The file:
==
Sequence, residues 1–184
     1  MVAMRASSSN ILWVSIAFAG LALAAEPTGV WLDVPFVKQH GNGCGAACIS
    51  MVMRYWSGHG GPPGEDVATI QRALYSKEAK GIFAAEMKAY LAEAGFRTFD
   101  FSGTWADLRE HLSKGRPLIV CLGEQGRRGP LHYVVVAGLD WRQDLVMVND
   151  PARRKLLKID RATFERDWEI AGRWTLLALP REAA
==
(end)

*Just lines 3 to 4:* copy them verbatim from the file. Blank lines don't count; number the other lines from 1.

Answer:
    51  MVMRYWSGHG GPPGEDVATI QRALYSKEAK GIFAAEMKAY LAEAGFRTFD
   101  FSGTWADLRE HLSKGRPLIV CLGEQGRRGP LHYVVVAGLD WRQDLVMVND